Is it Warming Yet? More Americans Say,.. “Like,..Duhh…”
July 19, 2012
A record heat wave, drought and catastrophic wildfires are accomplishing what climate scientists could not: convincing a wide swath of Americans that global temperatures are rising.
In the four months since March there has been a jump in U.S. citizens’ belief that climate change is taking place, especially among independent voters and those in southern states such as Texas, which is now in its second year of record drought, according to nationwide polls by the University of Texas.
In a poll taken July 12-16, 70 percent of respondents said they think the climate is changing, compared with 65 percent in a similar poll in March. Those saying it’s not taking place fell to 15 percent from 22 percent, according to data set to be released this week by the UT Energy Poll.
Following a winter of record snowfall in 2010, the public’s acceptance of climate change fell to a low of 52 percent, according to the National Survey of American Public Opinion on Climate Change, which was published by the Brookings Institution in Washington. After this year’s mild winter, support jumped to 65 percent, the same as that found by the UT Energy Poll in March.
“There has been a rebound in belief” in global warming, Barry Rabe, a University of Michiganprofessor who published the research on the Brookings study. “All respondents are quite likely to use observations of weather as a big part of their explanation.”
With 70 percent of Americans now agreeing that global warming is affecting weather in the U.S., the public is showing increasing support for measures that would tackle the problem of climate change, according to a new survey. Conducted by the Yale Project on Climate Change Communication, the survey showed that 60 percent of Americans would be more likely to vote for a candidate who supports legislation that would reduce the federal income tax and make up for that decrease in revenue by increasing taxes on fossil fuels. The ongoing survey — which divides the U.S. public into six categories on global warming, from the alarmed to the dismissive — showed that an overwhelming majority of people who identified themselves as alarmed, concerned, or cautious about global warming say that if people with their views worked together, they could influence politicians’ views on global warming. The people in these three groups, as well as people who described themselves as disengaged on the issue of global warming, said by a wide margin that they trusted President Obama more than Mitt Romney as a source of information on climate change. Only people who described themselves as dismissive of human-caused climate change said they trusted Romney more than Obama on the issue, the Yale survey showed.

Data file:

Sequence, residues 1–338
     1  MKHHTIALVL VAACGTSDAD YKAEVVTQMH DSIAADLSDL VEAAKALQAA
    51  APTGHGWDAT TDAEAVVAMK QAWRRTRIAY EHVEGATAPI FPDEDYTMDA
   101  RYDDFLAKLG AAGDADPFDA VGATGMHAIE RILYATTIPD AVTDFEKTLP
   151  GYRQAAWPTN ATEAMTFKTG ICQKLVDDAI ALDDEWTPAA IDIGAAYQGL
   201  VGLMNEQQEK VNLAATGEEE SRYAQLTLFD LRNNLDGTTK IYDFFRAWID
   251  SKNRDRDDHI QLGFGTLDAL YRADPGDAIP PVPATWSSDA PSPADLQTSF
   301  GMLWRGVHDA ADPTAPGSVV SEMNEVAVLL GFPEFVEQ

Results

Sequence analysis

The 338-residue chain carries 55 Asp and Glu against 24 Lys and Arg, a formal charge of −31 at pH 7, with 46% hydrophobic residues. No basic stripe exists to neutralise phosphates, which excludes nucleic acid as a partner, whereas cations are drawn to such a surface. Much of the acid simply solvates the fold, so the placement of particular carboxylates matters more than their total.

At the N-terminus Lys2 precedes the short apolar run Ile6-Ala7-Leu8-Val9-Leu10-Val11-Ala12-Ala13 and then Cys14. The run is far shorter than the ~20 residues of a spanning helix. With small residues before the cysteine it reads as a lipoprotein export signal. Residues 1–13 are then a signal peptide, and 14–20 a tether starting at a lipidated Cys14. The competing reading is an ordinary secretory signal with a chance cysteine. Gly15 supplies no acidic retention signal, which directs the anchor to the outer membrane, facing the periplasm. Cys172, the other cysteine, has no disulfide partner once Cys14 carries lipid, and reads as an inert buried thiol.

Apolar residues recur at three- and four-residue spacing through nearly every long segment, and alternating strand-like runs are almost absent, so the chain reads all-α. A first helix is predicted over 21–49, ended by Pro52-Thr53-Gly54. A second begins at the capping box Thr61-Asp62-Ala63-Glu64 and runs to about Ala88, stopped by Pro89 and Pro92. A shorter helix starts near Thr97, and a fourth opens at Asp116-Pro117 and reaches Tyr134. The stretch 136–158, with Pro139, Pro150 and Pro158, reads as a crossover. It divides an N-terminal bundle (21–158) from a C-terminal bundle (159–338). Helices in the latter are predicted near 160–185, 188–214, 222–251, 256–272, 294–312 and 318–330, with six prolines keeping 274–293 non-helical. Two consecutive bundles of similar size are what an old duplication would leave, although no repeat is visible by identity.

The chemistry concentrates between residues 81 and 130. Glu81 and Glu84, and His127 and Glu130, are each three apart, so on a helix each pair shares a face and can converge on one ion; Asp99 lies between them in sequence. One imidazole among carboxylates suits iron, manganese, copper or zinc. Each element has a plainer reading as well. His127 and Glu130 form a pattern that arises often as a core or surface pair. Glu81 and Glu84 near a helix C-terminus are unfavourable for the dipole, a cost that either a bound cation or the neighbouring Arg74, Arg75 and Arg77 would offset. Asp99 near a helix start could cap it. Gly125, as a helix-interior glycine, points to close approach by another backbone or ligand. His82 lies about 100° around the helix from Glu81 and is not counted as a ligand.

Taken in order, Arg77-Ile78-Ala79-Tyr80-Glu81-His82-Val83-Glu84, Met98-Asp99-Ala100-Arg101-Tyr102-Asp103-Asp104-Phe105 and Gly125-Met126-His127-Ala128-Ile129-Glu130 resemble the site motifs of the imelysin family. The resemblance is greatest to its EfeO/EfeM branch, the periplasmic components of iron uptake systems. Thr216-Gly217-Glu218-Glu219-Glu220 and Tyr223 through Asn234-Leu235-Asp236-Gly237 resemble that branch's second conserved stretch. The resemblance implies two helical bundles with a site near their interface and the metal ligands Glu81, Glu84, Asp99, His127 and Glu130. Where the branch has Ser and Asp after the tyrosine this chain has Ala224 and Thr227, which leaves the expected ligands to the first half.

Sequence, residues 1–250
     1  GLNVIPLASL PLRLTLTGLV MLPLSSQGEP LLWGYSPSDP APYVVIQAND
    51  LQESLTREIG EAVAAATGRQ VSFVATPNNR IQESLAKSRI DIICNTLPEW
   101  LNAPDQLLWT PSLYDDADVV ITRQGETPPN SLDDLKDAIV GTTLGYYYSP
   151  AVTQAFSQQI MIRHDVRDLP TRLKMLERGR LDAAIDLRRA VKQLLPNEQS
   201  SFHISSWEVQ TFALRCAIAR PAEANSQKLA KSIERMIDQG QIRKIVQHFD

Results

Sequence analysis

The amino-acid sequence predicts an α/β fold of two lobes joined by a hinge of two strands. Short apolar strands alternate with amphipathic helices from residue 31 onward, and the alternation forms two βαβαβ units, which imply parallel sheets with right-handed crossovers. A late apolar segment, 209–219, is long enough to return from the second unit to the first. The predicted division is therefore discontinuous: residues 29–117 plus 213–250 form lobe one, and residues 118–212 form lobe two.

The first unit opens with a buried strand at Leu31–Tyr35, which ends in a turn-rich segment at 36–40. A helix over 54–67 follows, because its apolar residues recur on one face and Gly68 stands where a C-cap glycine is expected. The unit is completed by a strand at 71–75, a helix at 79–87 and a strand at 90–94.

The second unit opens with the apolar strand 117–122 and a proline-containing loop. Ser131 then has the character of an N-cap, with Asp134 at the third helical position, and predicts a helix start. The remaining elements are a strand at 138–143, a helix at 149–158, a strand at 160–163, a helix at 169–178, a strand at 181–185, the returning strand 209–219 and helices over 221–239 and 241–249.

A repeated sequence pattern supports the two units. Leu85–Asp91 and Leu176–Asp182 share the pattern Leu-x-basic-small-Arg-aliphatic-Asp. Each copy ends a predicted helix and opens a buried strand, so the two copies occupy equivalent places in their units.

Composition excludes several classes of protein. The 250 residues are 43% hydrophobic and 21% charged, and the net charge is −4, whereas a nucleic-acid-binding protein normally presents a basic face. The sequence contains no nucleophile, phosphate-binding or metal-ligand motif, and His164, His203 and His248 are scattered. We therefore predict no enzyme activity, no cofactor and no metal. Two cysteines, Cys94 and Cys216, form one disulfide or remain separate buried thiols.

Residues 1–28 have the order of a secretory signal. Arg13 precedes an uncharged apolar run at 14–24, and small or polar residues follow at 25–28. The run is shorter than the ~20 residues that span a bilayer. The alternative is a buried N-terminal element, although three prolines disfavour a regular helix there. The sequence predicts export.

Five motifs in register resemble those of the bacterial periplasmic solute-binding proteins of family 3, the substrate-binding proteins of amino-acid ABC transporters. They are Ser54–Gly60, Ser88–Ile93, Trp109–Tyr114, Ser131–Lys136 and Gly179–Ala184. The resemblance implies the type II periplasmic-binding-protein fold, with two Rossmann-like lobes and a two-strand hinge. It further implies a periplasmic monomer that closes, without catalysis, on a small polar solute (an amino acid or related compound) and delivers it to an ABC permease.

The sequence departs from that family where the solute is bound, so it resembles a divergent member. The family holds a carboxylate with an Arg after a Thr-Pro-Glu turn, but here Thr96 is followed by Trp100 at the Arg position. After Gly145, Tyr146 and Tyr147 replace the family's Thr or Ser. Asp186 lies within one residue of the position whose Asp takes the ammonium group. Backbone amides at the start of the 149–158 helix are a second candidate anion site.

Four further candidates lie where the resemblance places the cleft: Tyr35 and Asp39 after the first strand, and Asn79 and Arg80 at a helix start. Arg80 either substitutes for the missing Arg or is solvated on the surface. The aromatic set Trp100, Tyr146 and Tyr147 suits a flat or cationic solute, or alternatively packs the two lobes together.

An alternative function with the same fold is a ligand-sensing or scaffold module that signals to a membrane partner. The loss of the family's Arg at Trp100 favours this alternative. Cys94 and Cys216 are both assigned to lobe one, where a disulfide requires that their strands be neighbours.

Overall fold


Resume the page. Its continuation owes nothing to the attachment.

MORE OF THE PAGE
While the survey didn’t ask about the causes of climate change, Sheril Kirshenbaum, the poll director, said “there is no debate” that man-made carbon emissions are warming the planet. “We need to get beyond arguing if it’s occurring and start developing policies to adapt to extreme weather events and rising sea levels,” she said in an e-mail.
Still, the American public’s views on the issue are linked to recent trends in the weather, Rabe said.
The jump in public opinion over the past four months took place in southern states, including drought-ravaged Texas, where it climbed 13 percentage points to 70 percent this month, according to the poll. Other areas of the country showed modest variations in levels of support.
The latest University of Texas poll also found a sharp divide between political parties, with 87 percent of Democrats saying climate change is taking place compared with 53 percent of Republicans. In March 45 percent of Republican respondents said climate change is happening.
Among independent voters, those saying temperatures are rising jumped to 72 percent in July from 60 percent in March.
Partisan affiliation is the best predictor of someone’s belief in climate change, Rabe said.
I suspect partisan affiliation is also the best predictor of whether you think those WMDs are still out there, that Barack Obama was born in Kenya, or that the latest Batman movie is part of a nefarious communist plot.